The second curve

I happened to be fortunate enough to attend at a public speech held by Charles Handy and listen to a short summary of his book: The second curve. I think the blogpost this week couldn’t be more actual than this. He used short stories and metaphores in helping us to get a deeper understanding of his philosophy.

First of all: what is the second curve? Now imagine that you are driving in the countryside of Ireland and when you ask for directions to a little village (Avoca), you get the following explanation: first you have to go downhill into a little dip, then drive straight up onto the top of the hill from where you will see Davy’s bar. Did you get that? Now, half a mile before that, turn right, up on the hill and that’s the road taking you to Avoca. And then you realize that you actually supposed to turn right before you arrive to the top of the hill just when you are already in the valley sipping on a coffee at Davy’s bar.



We all have these curves in our lives: we study, gain experiences at a job/position – that’s when we are getting uphill on the curve. Then on the top we get comfortable, sometimes way too comfortable and we don’t see the signs of collaps and downfall. Not only companies should start planning their next product, service, new market while the first curve is still moving upwards but we, individuals as well. If we leave or don’t reshape our current position/relationship until we hate it, then we could end up like Kodak: looking at other companies making great digital cameras though we had the technology first.

Once Charles Handy was asked by a company’s leadership how they could keep the talented young employees. He was told that they would get back to him after he told his ideas, which was the American version of: Get lost. The reason he was told this is because he suggested applying the “doughnut theory” for positions. The good old British one with jam in the middle. What it means in practice: the dough is the frame, the rules, values, priorities, what a leader wants their subordinates to do. The jam is the person who fulfills the job the way he/she finds it best, who makes initiatives to change the world or at least their companies for the best. This could work at an organization where everyone knows everyone, so there shouldn’t be more than 100 people. An organization should give its workers a good life, freedom and happiness. That was the moment when Prof. Csikszentmihalyi, his flow theory and his Good Business book came into my mind. Actually this is what we are doing here with FLIGBY – we are helping leaders to – beside getting to know themselves better – understand how they can build a flow promoting environment that enhances the flourishing of individual skills. How managers should behave? They should know the core jobs and how much discreation they can allow around them and then leave the rest for the employee.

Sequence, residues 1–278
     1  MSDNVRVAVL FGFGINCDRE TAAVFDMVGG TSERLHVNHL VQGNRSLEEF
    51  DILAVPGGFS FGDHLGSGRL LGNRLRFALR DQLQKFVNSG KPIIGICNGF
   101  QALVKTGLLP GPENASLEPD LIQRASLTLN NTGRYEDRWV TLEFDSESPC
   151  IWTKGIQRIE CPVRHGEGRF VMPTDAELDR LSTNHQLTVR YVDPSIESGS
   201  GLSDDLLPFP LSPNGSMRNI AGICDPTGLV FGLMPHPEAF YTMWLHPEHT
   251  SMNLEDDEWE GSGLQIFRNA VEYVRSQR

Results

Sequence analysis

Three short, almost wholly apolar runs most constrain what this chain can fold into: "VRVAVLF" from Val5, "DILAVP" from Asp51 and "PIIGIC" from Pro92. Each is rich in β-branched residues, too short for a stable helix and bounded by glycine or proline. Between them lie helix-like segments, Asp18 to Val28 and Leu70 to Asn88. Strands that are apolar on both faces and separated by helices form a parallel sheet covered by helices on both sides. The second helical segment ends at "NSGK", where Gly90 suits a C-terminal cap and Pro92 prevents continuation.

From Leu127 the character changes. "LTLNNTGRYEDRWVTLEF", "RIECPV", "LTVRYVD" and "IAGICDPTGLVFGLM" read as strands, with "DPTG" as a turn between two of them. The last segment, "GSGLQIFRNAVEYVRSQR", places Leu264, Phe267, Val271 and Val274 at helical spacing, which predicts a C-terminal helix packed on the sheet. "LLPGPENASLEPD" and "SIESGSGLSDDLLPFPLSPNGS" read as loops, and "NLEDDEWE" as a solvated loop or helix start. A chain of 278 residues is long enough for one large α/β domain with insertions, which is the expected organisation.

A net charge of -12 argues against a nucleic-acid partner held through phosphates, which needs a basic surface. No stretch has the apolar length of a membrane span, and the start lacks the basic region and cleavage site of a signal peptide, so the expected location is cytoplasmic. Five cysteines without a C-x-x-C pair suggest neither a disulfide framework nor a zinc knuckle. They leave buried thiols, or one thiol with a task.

We are all looking for happiness in our lives, but not for the one in Thomas Jefferson’s declaration of independence that actually grants happiness for all white male, but the one that was identified by Aristotle: self fulfillment with a purpose. In other words we should do our best what we are best at for the good of others (including nature).

As in life we are only facing open questions/problems we are actually not prepared for, the school system should be reshaped to meet these challenges. Schools should be designed as Socrates has imagined them hundreds of years ago: asking “why” and about the reasons. Let children find their own answers and solutions while working on projects instead of telling them the answers for already solved problems. Charles Handy doesn’t think that the current school system would disapper but rather new kinds of education will develop around the one that already exist. The new schools will be like: where teachers will give problems to students and let them to solve it while they just go around and check and help if needed.

Even though changes have already started on the bypass and DIY societies emerge, banks still don’t believe in a world without them. People somehow feel that there won’t be enough institutions around them that would protect them so they want to have full control over their own lives and do things on their own.

How one can find where the second curve should lead to and when he/she should step on it? Becoming too comfortable and boring at a position can be a warning sign. Asking your friends, executives what you are really good at and yourself about your real interest/dream is might be already late at this point (top of the hill on the road to Davy’s bar…). Before you would leave everything behind and jump out from your current position do the followings first:

  • Measure how much money is enough for you for a reasonable good life – it can give you freedom.
  • Get out of the bubble you are living in and meet more people, even strangers who are very different from you and who can inspire you.
  • Write down, draw your dreams and see if those still make sense.
  • Ask your friends, executives, coworkers: they might know something about you that you don’t know about yourself. They might see your golden seed, your special talent that you should nourish.
  • Become a butterfly: be self employed, build up a tiny business or do a part time job.
  • Before you start plannig your second curve, you must know who you are and what your priorities are. Composing a still life from 5 objects that are important, tell a story to you and 1 element/object from nature can help you in finding yourself, your real interest. You also should write down your three most important roles in your life. Other roles are more important at different times of life. These roles can be related to money, duties and passion.
  • Don’t be impatient: the gap between the end of the 1st curve and the rise of the 2nd curve is 2 years. The first curve can give money and stability till the 2nd curve starts kicking in.